A Crash in Ammunition Prices is Coming
Jun 11th, 2014 by RoundsReloaded

A Crash in Ammunition Prices is Coming

By Dean Weingarten

A Crash in Ammunition Prices is Coming

Dean Weingarten

 Arizona – -(Ammoland.com)- The Obama caused bubble in ammunition prices seems ready to bust.

Over the last few years people have seen ammunition prices double or triple.

Handgun and rifle ammunition has been hard to find at times. .22 long rifle ammunition tripled in price over the last 18 months. People would line up to buy ammunition at prices two and three times the level that they were just two years ago.

All of that is about to change. Ammunition supply looks as though it is ready to catch up with demand. Centerfire pistol and rifle cartridges are available on most store shelves. When I walked into a local Wal-Mart this morning, their were over 30 signs on the ammunition case indicating a rollback of prices by 10-15%.

In classic economic fashion, the bubble was fueled by actions of the Federal government. Many federal agencies bought enormous quantities of ammunition. While the quantities were only a small percentage of total production, the raw figures fueled conspiracy theories. Obama administration actions fueled fear of coming shortages, gun bans, registration of ammunition sales, even potential low level warfare. All of this led to the current bubble of ammunition sales.

In response, the economy reacted the way that free markets are supposed to work. Ammunition suppliers started running their manufacturing plants day and night, adding additional shifts. Importers scoured the world markets, trying to buy everything they could to satisfy the insatiable demand. Foreign manufacturers bumped up their production to try to fill the desire for more and more ammunition. Ammunition production was at the highest level ever for small arms, short of war.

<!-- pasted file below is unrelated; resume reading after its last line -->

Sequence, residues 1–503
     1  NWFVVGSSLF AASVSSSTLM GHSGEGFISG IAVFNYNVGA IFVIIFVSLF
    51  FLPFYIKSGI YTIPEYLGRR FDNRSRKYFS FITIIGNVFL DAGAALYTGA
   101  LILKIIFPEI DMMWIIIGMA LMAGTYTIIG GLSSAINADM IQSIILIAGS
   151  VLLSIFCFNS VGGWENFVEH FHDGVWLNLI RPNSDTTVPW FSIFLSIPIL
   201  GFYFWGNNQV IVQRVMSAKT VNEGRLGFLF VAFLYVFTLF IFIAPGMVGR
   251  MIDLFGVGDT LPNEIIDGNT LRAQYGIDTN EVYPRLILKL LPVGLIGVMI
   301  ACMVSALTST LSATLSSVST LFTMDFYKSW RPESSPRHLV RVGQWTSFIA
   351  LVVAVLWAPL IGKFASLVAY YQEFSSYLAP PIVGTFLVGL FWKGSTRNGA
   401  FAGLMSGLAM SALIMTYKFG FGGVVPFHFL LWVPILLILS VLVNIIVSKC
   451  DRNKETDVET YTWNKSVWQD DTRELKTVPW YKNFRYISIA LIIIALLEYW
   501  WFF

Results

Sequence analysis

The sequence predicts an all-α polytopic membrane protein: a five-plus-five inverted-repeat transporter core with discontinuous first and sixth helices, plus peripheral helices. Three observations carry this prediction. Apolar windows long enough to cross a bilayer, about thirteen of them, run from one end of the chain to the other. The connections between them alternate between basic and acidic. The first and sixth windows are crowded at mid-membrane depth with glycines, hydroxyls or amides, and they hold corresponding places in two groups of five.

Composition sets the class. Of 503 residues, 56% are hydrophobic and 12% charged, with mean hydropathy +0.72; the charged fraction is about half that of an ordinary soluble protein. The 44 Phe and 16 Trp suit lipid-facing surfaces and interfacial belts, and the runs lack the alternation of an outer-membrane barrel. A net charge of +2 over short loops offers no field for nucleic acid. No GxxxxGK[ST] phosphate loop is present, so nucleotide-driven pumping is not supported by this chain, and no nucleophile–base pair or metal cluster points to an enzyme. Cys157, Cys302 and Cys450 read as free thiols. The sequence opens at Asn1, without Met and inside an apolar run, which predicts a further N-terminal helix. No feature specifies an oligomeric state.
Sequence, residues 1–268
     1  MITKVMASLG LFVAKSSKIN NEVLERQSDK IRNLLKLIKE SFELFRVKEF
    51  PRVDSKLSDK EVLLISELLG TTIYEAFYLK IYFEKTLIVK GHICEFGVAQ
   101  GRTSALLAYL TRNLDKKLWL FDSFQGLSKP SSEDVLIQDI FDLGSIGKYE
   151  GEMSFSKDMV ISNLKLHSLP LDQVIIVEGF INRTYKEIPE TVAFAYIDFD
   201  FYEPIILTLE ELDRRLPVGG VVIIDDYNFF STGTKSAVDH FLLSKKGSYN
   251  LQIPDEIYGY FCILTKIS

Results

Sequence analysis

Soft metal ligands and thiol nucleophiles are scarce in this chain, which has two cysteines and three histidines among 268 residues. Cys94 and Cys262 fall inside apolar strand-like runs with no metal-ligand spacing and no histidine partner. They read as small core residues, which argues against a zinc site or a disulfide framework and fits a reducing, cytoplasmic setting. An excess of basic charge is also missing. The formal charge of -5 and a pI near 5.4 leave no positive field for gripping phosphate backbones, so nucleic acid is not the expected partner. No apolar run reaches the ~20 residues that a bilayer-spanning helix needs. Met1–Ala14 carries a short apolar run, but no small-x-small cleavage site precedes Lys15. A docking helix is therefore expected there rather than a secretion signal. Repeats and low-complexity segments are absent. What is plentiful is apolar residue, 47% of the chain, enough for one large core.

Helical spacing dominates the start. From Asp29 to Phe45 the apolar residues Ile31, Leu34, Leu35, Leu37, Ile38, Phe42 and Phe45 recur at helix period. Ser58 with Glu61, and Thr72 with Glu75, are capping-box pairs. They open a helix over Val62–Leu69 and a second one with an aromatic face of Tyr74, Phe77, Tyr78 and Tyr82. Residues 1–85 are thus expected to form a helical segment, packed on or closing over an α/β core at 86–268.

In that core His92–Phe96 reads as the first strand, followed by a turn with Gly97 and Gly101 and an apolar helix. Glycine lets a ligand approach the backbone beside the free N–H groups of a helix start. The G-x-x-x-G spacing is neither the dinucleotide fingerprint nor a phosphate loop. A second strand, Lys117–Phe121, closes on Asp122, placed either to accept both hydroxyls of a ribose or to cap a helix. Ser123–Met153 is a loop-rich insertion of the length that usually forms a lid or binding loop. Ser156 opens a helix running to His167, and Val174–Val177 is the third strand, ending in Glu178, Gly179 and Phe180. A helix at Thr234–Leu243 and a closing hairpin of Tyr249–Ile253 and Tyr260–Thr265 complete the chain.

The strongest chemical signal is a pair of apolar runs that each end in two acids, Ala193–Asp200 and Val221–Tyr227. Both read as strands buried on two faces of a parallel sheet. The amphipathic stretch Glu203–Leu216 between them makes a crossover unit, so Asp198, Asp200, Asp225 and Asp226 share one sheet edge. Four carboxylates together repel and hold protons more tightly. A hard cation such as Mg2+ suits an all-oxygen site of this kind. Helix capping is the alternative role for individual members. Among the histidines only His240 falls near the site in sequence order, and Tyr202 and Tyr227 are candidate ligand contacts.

But unlike during war, this ammunition was not being fired in combat. Most of it was not being fired at all. It was being stored against future need. Very little was actually being used.

There are limits to this sort of demand. I gave away a couple of thousand .22rounds to make a point. A person who only had 37 .22 shells out of a box of 50 is well justified in wanting a thousand or two, or a case of 5,000 “just because”. Once they have the 5,000, their desire for more becomes less. Then demand drops, likely below pre-bubble levels for a while.
In the meantime, manufactures cannot stop production instantly. They have orders in the pipeline. They have supplies coming in that they have no storage space for. They have employees that they have trained and who they do not want to lay off. For all these reasons, demand drops suddenly, but supply cannot drop as quickly. As supply took a while to spin up, it will take a while to spin down.

This means that retailers and wholesalers will be saddled with a glut of merchandise that they cannot sell at the current high prices. They will have to put it on sale. Lower prices bring about the expectation that prices will fall even further. The prices crash.

That is when a prudent person buys what they want, at very good prices. Demand will not stay at the artificially low prices of the crash. The new crop of urban, hip, shooters will want to feed their equipment, and the new demand will be higher than it was before the bubble, but it will take a while to settle out.